President Obama appears to have boosted himself politically with his new policy aimed at helping young illegal immigrants. A Bloomberg poll released Tuesday shows likely voters approving the move by a 2-to-1 margin, 64 percent to 30 percent.
Last Friday, Mr. Obama grabbed headlines by announcing that the Department of Homeland Security is stopping deportations of illegal immigrants who meet certain criteria: arrived in the United States before age 16, have lived in the US at least five years, are currently under age 30, have no criminal record, and either are in school, have a high school diploma, or have served in the US military. The directive offers such young immigrants work permits but no path to citizenship.
Some Republicans question the legality of the president’s move, but as a political gambit, Obama appears to have scored. A majority of undocumented immigrants in the country are Hispanic, and Obama has addressed a big sticking point among his Hispanic base – that he hadn’t done enough to help young illegal immigrants, who number in the hundreds of thousands. The DREAM Act, legislation aimed at providing young illegal immigrants with a path to citizenship, has been lying dormant since Republicans retook the House in early 2011.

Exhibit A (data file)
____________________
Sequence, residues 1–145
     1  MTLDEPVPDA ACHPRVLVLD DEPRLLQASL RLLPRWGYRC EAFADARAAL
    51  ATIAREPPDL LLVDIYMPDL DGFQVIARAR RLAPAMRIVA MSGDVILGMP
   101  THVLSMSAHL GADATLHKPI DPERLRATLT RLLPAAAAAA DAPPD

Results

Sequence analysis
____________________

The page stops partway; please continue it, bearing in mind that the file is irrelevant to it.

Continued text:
“[Obama's] decision left Republicans struggling to respond, trapped between alienating their political base and sending a negative signal to the Hispanic community and independent voters,” Bloomberg writes.
In 2008, Obama won the Hispanic vote 67 percent to 31 percent.
Since the Obama announcement, likely Republican presidential nominee Mitt Romney has refused to say whether he would reverse the policy if elected president. Sen. Marco Rubio (R) of Florida, a leading Republican voice on Hispanic and immigration matters, announced he has dropped plans to introduce his own version of the DREAM Act.